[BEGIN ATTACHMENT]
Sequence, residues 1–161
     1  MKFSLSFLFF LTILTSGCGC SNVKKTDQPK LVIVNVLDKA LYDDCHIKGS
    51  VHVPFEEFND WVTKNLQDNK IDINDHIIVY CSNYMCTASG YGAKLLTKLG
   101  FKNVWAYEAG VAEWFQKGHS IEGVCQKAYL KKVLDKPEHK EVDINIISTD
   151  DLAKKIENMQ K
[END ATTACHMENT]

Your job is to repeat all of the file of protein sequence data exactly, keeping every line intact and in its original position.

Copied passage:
Sequence, residues 1–161
     1  MKFSLSFLFF LTILTSGCGC SNVKKTDQPK LVIVNVLDKA LYDDCHIKGS
    51  VHVPFEEFND WVTKNLQDNK IDINDHIIVY CSNYMCTASG YGAKLLTKLG
   101  FKNVWAYEAG VAEWFQKGHS IEGVCQKAYL KKVLDKPEHK EVDINIISTD
   151  DLAKKIENMQ K